(7/112) Estimating mutation parameters, population history and genealogy simultaneously from temporally spaced sequence data.
Molecular sequences obtained at different sampling times from populations of rapidly evolving pathogens and from ancient subfossil and fossil sources are increasingly available with modern sequencing technology. Here, we present a Bayesian statistical inference approach to the joint estimation of mutation rate and population size that incorporates the uncertainty in the genealogy of such temporally spaced sequences by using Markov chain Monte Carlo (MCMC) integration. The Kingman coalescent model is used to describe the time structure of the ancestral tree. We recover information about the unknown true ancestral coalescent tree, population size, and the overall mutation rate from temporally spaced data, that is, from nucleotide sequences gathered at different times, from different individuals, in an evolving haploid population. We briefly discuss the methodological implications and show what can be inferred, in various practically relevant states of prior knowledge. We develop extensions for exponentially growing population size and joint estimation of substitution model parameters. We illustrate some of the important features of this approach on a genealogy of HIV-1 envelope (env) partial sequences. (+info)
(8/112) Genealogy profiling through strain improvement by using metabolic network analysis: metabolic flux genealogy of several generations of lysine-producing corynebacteria.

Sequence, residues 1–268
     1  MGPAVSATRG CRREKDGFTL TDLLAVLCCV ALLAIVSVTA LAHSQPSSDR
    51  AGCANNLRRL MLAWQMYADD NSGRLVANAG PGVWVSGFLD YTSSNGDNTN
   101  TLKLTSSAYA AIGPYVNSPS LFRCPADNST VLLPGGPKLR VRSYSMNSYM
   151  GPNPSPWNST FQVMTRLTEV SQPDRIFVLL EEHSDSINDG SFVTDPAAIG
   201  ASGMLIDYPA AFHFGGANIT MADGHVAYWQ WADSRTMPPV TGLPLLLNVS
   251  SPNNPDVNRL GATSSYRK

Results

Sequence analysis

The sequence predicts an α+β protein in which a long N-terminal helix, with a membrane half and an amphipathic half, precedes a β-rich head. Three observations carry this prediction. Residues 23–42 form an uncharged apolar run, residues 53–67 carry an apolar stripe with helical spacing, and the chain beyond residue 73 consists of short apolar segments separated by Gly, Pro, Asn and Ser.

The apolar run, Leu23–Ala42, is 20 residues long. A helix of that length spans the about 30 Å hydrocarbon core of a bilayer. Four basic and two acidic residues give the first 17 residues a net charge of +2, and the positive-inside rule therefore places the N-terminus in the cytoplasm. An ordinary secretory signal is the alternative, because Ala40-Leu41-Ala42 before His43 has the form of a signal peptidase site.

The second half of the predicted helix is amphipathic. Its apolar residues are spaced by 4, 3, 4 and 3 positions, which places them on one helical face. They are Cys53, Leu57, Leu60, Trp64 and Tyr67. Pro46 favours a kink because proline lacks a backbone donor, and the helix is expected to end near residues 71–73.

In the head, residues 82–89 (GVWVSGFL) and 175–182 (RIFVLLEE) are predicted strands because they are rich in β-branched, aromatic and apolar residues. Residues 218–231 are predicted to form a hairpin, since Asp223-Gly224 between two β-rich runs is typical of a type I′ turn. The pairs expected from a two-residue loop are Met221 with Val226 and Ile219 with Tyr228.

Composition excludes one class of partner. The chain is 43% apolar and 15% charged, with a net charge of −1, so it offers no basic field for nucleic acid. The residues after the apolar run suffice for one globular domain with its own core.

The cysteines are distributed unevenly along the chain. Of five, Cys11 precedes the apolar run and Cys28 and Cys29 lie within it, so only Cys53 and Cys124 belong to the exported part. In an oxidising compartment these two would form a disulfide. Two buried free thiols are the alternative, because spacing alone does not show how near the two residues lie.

A comprehensive approach of metabolite balancing, (13)C tracer studies, gas chromatography-mass spectrometry, matrix-assisted laser desorption ionization-time of flight mass spectrometry, and isotopomer modeling was applied for comparative metabolic network analysis of a genealogy of five successive generations of lysine-producing Corynebacterium glutamicum. The five strains examined (C. glutamicum ATCC 13032, 13287, 21253, 21526, and 21543) were previously obtained by random mutagenesis and selection. Throughout the genealogy, the lysine yield in batch cultures increased markedly from 1.2 to 24.9% relative to the glucose uptake flux. Strain optimization was accompanied by significant changes in intracellular flux distributions. The relative pentose phosphate pathway (PPP) flux successively increased, clearly corresponding to the product yield. Moreover, the anaplerotic net flux increased almost twofold as a consequence of concerted regulation of C(3) carboxylation and C(4) decarboxylation fluxes to cover the increased demand for lysine formation; thus, the overall increase was a consequence of concerted regulation of C(3) carboxylation and C(4) decarboxylation fluxes. The relative flux through isocitrate dehydrogenase dropped from 82.7% in the wild type to 59.9% in the lysine-producing mutants. In contrast to the NADPH demand, which increased from 109 to 172% due to the increasing lysine yield, the overall NADPH supply remained constant between 185 and 196%, resulting in a decrease in the apparent NADPH excess through strain optimization. Extrapolated to industrial lysine producers, the NADPH supply might become a limiting factor. The relative contributions of PPP and the tricarboxylic acid cycle to NADPH generation changed markedly, indicating that C. glutamicum is able to maintain a constant supply of NADPH under completely different flux conditions. Statistical analysis by a Monte Carlo approach revealed high precision for the estimated fluxes, underlining the fact that the observed differences were clearly strain specific. (+info)